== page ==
Manhaton [Release date 06.10.14]
Soulful voiced Ben Poole never strays too far from his soulful strengths on a live album full of feel, subtle dynamics and a passionate performance.
Originally recorded as a radio session for the Paul Jones BBC Radio 2 show and sympathetically produced by Paul Long, Ben and his excellent band do enough to engage us with an array of funky soulful grooves and poised guitar playing.
Ben’s an emotive singer who pays attention to his range and while his diction could be clearer the complete package of voice, resonant guitar playing and a fine band makes sure that ‘Live At The Albert Hall’, is worthy of its lofty title.
For a guitarist whose debut EP was a fierce slab of rocking blues, this laid back album sends out a double message that he’s aiming for the middle ground and focusing on his vocals as much as his guitar playing.
His arrangements leave plenty of space to let the songs breathe, he phrases eloquently and the band to stretches out impressively when required.
They open with the funky ‘Let’s Go Upstairs’ featuring Sam Mason on keys and Amy Eftekhari on bv’s as the song heads into a fluid guitar solo
‘Love Nobody No More’ is a languid funky groove with an insistent keyboard motif and a gentle guitar figure that builds the solo from the ground up, to meander in and out of the groove before the band kicks in.
‘I Know (I’m Losing You)’ is the old Temptation song that was, popularized by Rod Stewart and contrary to what Ben suggests about rocking things up, settles for funky groove with a gnawing tone and big organ sweep.
His mighty sculpted solo is given due recognition by crowd’s applause, before he slips back into the groove with an extended workout backed by the poised rhythm section of drummer Craig Bacon and Mat Beable’s undulating bass. Ben finally cuts loose to drench the song in quavering, tremulous notes and a brief reprise of Purple’s ‘Black Night’ riff on the outro of the album highlight.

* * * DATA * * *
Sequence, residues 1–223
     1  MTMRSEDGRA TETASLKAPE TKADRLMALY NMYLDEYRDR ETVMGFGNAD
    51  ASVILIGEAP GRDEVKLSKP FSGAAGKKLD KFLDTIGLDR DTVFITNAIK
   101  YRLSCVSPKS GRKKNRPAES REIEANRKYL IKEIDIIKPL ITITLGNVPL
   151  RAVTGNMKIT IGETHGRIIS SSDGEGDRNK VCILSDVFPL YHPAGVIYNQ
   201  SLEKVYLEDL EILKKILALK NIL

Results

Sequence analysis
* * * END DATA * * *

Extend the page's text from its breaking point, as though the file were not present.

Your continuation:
In contrast, a cover of ‘Mr Pitiful’ is a rather bland choice with sugary bv’s that adds little to the original. Coming at just over the half way point of the album, it suggests he’s happy to be in a white boy soul bag. Unlike the rest of the album, the solo is something of a rescue job rather than a defining moment.
The self penned ‘It Doesn’t Have To Be That Way’ is far better, reverting to his favoured laid back feel. The arrangement suits both his vocals and imaginative solo, which builds up step by step with some deft interplay with keyboard player Sam Mason until they positively soar.
The major reservation about the album is the lack of tempo changes and variety. ‘Leave It On’ for example, is another slow build that fails to ignite, though given the enthusiastic audience response maybe I’m wrong?
Ben revels on the vocal part of Freddy King‘s strident blues ‘Have You Ever Loved A Woman’ and teases out the melody with some delicate notes alongside Sam’s jazzy piano break to earn the band a fine reception.
‘Starting All Over Again’ is effectively a soulful melodic studio bonus track with a different band. It’s still locked into the same tasteful radio friendly sweep that is glued together, as is the album as a whole, by Ben’s considerable presence. One for the future. ****
Review by Pete Feenstra
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